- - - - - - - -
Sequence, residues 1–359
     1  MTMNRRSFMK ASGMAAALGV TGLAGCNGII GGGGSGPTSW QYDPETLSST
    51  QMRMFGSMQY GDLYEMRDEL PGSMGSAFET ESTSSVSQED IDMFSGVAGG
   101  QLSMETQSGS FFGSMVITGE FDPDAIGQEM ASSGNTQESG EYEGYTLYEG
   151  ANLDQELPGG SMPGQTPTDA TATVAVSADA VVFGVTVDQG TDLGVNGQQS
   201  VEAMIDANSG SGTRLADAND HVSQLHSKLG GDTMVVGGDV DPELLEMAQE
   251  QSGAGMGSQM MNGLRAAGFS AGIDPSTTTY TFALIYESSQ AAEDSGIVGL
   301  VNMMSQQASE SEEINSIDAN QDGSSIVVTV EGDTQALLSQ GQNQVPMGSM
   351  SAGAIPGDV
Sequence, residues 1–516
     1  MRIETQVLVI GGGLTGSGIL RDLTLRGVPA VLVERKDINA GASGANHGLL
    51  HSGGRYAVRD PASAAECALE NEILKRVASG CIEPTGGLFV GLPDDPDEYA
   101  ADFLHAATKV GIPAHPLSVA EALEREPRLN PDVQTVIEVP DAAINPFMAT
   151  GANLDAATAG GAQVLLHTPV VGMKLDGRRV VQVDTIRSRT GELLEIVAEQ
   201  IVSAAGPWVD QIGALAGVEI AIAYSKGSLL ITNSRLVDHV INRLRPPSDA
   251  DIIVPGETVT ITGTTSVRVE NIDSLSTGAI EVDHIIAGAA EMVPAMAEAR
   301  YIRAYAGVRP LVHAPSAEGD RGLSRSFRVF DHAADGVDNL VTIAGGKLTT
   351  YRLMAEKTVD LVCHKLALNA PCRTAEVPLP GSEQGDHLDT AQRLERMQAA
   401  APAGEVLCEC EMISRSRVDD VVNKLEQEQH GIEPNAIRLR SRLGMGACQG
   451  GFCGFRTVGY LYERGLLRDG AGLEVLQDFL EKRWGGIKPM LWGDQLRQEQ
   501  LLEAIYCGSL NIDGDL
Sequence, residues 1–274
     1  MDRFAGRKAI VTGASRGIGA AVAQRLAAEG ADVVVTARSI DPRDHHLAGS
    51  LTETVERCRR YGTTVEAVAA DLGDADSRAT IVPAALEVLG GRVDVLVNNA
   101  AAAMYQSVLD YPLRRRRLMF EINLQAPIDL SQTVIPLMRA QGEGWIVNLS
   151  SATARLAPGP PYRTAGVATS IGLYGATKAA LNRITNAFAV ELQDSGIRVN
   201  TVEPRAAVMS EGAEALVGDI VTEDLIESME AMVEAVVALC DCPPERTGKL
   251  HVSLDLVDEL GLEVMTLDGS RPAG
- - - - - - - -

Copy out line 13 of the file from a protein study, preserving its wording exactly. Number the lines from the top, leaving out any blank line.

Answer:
   101  ADFLHAATKV GIPAHPLSVA EALEREPRLN PDVQTVIEVP DAAINPFMAT